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Adam Katcher: on 9/11/14 at 23:10pm UTC, wrote Hi, the demonstrations you showed were all very nice (which is clear from...

Sorana Stoica: on 9/11/14 at 19:01pm UTC, wrote Your video is very interesting, and I loved it! My video is A universe in...

Marc Séguin: on 8/30/14 at 21:20pm UTC, wrote Clint, As I pointed out in my comment on your "Wisconsin Idea" video, your...

Julien Sprott: on 8/22/14 at 17:46pm UTC, wrote Video Image Video URL ...


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July 15, 2020

CATEGORY: Show Me the Physics! Video Contest (2014) [back]
TOPIC: The Wonders of Physics - 25th Season Celebration by Julien Clinton Sprott [refresh]
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Julien Clinton Sprott wrote on Aug. 22, 2014 @ 17:46 GMT
Video Image

Video URL

Video Description

To celebrate the 25th season of The Wonders of Physics, Prof. Sprott and his assistants procure a time machine and attempt to bring back Prof. Sprott from his first show in 1984, but the time machine keeps malfunctioning and producing various scientists from the past including The Mad Scientist from the Tonight Show with Jay Leno and Prof. Sprott as a teenager and as a very old man.

Video Creator Bio

Julien Clinton Sprott, born September 16, 1942 in Memphis, Tennessee, received his B.S. in physics from the Massachusetts Institute of Technology in 1964 and his Ph.D. in physics from the University of Wisconsin in 1969. He worked at the Oak Ridge National Laboratory for several years before returning to the University of Wisconsin to join the physics faculty in 1973. In 2008, he became an Emeritus Professor of Physics.

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Member Marc Séguin wrote on Aug. 30, 2014 @ 21:20 GMT

As I pointed out in my comment on your "Wisconsin Idea" video, your Wonder of Physics shows are the very embodiment of "show me the physics"!

If I had some criticism to make, it would be that sometimes, the demonstrations go too fast and there is not enough "explaining" of what is going on, so that the uninitiated spectator is left mostly with the "magic trick" aspect of the demonstration. For example, the moving spool that can go either way depending on the angle of the string pulling it (at the 6 minute mark) comes out almost like a magic trick instead of as a wonderful application of the concept of torque (as you nicely explain in your own book "Physics Demonstrations: A Sourcebook for Teachers of Physics" when you present this demonstration). Of course, your target audience is quite young and a detailed explanation would go over their heads, but some brief mention of the physics might convey the message that physics is much more than neat tricks! Similarly, a little bit more exposition about the concept of pressure might have made the spectacular bed of nails demonstration (around the 25 minute mark) even more instructive.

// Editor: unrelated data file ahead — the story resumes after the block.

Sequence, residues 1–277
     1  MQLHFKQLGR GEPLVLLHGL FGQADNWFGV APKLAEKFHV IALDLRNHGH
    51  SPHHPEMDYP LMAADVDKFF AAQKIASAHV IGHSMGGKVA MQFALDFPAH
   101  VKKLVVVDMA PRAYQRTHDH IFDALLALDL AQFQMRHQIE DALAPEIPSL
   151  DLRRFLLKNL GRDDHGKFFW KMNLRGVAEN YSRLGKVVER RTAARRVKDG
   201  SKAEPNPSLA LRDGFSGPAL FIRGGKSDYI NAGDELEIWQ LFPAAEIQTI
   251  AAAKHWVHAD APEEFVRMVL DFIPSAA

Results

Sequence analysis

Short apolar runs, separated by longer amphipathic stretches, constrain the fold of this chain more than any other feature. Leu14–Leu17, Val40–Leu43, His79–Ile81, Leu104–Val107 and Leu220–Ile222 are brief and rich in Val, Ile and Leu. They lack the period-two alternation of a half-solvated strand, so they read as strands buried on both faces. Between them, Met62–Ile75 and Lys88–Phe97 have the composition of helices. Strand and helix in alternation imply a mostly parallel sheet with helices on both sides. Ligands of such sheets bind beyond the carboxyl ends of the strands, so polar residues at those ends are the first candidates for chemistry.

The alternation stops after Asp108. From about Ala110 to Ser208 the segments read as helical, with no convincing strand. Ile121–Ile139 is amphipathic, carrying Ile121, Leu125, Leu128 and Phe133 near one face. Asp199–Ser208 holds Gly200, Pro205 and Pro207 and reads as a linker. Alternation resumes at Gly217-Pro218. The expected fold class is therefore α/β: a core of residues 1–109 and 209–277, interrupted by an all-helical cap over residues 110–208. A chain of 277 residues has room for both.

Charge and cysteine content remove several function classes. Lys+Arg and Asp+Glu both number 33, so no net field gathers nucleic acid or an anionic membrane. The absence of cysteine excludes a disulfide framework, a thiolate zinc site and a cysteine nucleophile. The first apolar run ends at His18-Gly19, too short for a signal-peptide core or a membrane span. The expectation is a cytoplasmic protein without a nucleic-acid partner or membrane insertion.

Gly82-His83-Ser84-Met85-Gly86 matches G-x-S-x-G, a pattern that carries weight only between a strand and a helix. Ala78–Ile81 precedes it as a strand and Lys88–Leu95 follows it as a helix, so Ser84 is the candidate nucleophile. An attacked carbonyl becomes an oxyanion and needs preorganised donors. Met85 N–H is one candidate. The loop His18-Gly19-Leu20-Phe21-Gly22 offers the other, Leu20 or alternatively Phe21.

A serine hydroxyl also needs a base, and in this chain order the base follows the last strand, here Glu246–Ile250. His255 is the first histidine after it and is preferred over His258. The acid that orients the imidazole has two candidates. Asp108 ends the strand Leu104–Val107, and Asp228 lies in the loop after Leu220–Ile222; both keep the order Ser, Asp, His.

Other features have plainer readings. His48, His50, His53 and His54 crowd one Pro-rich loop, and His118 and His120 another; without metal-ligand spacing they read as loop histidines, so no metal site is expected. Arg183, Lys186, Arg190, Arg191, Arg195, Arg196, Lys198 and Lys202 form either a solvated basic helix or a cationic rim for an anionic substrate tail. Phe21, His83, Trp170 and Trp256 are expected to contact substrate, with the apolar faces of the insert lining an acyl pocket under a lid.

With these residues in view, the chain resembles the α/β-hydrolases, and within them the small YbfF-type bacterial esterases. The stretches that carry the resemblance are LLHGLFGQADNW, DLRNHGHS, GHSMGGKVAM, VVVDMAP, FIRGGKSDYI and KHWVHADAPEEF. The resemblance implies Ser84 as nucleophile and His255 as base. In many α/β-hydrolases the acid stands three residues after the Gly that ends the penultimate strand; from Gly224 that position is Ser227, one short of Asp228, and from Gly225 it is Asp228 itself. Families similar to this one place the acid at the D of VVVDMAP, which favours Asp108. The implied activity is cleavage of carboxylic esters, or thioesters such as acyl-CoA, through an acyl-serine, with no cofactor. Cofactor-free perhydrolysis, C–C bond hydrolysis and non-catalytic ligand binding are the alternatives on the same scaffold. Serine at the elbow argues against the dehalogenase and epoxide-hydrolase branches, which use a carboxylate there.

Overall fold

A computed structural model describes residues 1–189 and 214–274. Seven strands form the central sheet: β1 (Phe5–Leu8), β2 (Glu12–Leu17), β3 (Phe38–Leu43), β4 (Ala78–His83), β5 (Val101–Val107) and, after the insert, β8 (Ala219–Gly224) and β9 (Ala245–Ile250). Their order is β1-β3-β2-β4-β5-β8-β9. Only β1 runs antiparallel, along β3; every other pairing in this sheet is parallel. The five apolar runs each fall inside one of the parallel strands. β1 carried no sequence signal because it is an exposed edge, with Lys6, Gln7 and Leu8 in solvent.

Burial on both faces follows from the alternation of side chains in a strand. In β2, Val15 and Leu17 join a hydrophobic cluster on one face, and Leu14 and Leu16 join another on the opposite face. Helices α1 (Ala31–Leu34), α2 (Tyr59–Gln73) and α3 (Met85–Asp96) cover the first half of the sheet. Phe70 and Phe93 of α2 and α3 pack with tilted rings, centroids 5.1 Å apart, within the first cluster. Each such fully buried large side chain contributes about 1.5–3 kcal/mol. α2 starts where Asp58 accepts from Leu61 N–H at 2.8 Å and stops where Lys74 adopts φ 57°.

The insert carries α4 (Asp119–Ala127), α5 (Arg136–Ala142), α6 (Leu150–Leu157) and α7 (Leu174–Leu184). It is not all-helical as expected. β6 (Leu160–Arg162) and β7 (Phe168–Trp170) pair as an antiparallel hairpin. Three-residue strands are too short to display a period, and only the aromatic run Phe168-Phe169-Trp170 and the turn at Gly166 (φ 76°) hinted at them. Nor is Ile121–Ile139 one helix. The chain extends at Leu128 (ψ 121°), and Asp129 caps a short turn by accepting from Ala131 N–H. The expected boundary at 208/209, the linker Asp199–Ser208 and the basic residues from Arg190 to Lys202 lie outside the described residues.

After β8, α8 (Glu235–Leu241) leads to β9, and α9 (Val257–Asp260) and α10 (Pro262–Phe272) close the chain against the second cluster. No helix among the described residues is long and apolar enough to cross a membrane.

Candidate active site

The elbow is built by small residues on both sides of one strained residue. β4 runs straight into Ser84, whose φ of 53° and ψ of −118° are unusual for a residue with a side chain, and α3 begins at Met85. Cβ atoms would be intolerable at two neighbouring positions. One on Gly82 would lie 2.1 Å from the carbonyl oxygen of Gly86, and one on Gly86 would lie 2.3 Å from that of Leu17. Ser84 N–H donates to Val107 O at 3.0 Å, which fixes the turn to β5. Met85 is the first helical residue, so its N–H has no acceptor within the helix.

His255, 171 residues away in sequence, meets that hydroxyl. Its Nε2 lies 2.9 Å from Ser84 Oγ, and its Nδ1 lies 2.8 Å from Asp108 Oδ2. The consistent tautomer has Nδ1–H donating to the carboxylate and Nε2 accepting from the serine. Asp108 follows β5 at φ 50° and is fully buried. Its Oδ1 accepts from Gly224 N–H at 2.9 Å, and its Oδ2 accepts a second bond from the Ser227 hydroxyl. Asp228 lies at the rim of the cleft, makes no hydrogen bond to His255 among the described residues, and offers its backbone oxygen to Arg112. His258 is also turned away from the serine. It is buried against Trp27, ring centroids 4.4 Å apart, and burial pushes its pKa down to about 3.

Overall, though, congratulations for a dazzling one-hour journey through some of the best demonstrations that physics can offer. I hope your videos do well in this contest. Good luck!


P.S. If you have a chance to view, comment and vote on my trilogy of videos entitled "This Is Physics" --- where I try to convey the "fun of physics" by focusing on some of the greatest moments of its history --- it would be quite appreciated!

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Sorana Dana Stoica wrote on Sep. 11, 2014 @ 19:01 GMT
Your video is very interesting, and I loved it!

My video is A universe in a cup of water, I hope you will like it too.

I wish you success!


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Adam Katcher wrote on Sep. 11, 2014 @ 23:10 GMT

the demonstrations you showed were all very nice (which is clear from the live audience feedback)!

I must say that the feature length of the video threw me off a bit, but this was an hour long live demonstration being filmed after all.

Keep up the good work!

In case you didn't yet, feel free to look up our video, in which we discuss what is quantum gravity, present an existing solution and give examples of applications and future directions:



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